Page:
Today the pool of IPv4 addresses dropped below 5% of the total IPv4 address space. The cause was the allocation of two blocks of IPv4 addresses to APNIC, the Regional Internet Registry (RIR) for the Asia Pacific region by the Internet Assigned Numbers Authority (IANA). The speed with which IPv4 addresses is being consumed is demonstrated by it being only 9 months ago that the remaining space dropped below 10%.
There are now only twelve blocks available for allocation. The first seven of these blocks will be allocated under the normal allocation policy. Once these are assigned, the final five blocks will immediately be assigned, one to each RIR.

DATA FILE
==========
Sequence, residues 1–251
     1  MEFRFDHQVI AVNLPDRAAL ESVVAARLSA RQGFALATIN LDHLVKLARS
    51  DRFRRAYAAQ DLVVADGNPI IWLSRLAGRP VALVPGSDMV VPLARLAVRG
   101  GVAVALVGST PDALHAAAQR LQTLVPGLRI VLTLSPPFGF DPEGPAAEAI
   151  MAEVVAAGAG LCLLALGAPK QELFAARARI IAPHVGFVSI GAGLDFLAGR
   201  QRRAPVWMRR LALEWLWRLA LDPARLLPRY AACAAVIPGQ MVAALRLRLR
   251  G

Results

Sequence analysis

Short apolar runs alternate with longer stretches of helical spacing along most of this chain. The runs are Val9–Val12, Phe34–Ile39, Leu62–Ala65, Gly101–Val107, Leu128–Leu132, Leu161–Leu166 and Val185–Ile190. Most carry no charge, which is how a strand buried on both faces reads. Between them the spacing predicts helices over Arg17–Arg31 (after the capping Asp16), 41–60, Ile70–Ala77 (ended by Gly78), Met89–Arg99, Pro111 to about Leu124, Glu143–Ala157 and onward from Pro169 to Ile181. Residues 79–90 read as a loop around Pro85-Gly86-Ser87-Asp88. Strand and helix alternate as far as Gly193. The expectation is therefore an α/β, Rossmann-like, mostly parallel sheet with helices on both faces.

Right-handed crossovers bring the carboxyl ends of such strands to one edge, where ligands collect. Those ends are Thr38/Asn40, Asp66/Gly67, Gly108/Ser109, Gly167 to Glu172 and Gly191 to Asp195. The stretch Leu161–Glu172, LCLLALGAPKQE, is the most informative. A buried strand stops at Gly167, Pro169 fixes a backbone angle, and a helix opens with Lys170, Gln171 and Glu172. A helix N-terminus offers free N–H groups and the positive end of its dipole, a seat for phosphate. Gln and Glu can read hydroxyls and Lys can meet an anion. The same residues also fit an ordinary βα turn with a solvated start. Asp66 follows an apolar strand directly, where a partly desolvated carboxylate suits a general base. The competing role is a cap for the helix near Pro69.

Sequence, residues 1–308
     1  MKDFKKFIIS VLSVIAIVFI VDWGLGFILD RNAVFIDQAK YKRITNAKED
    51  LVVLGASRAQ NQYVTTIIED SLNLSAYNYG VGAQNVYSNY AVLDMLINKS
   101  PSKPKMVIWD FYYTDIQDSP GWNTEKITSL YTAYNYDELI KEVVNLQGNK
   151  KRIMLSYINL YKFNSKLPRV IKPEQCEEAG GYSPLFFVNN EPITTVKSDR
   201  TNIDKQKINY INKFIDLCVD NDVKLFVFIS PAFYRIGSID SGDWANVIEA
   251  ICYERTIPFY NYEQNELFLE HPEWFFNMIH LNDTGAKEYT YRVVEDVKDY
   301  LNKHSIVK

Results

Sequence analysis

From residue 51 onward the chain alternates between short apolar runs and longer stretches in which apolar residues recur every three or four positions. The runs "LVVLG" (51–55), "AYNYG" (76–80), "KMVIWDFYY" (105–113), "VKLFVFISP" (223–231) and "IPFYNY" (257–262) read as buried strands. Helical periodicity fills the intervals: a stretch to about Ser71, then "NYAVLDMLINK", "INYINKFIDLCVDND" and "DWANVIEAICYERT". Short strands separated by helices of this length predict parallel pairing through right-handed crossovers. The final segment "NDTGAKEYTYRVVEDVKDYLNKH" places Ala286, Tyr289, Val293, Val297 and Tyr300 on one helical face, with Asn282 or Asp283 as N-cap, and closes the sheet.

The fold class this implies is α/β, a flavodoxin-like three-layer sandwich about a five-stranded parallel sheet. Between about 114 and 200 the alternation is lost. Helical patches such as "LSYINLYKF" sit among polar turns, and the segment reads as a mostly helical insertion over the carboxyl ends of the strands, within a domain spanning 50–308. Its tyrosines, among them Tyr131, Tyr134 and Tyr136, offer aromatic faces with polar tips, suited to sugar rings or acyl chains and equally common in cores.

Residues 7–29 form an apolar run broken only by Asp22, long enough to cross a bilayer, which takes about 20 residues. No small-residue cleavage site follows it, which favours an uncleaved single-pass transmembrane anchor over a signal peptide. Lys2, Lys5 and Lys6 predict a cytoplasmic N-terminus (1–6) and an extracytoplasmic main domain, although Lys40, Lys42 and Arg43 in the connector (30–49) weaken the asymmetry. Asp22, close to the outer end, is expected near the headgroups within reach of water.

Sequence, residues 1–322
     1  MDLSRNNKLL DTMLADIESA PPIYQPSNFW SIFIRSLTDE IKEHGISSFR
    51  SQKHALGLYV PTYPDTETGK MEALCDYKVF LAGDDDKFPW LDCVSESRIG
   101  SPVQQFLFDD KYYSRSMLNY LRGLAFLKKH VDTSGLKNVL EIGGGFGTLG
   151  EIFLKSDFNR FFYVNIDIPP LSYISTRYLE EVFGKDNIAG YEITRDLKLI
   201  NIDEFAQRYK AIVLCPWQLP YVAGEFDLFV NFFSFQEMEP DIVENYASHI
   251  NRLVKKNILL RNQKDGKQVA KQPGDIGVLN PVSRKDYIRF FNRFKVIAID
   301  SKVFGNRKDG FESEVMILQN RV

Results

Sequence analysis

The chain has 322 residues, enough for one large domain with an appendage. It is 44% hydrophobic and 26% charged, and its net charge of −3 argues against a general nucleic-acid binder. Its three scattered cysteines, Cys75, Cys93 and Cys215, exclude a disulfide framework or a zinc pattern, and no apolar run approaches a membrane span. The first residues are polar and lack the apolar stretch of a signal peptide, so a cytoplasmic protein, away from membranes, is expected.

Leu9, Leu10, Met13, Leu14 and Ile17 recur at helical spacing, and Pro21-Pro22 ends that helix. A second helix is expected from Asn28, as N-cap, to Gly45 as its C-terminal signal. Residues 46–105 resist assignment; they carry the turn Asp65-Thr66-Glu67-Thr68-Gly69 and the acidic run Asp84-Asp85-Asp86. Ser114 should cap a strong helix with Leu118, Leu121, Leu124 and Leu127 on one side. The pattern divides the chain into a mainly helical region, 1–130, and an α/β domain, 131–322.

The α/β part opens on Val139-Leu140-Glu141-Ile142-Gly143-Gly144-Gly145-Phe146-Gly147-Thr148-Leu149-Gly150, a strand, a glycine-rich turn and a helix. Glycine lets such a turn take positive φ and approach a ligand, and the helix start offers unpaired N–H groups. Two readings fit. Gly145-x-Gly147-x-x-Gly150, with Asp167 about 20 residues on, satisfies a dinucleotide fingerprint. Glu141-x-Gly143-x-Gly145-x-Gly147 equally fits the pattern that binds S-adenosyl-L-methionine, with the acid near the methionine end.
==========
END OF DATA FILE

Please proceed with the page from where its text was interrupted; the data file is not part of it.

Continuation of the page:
At current depletion rates, the IPv4 pool will be exhausted early in 2011.
The solution to the address space exhaustion is IPv6, the next generation of the Internet Protocol. All organisations need to take seriously the deployment of IPv6 to avoid a chaotic migration at the last moment.
This entry was posted on Monday, October 18th, 2010 at 2:08 pm and is filed under IPv6, News. You can follow any responses to this entry through the RSS 2.0 feed. Both comments and pings are currently closed.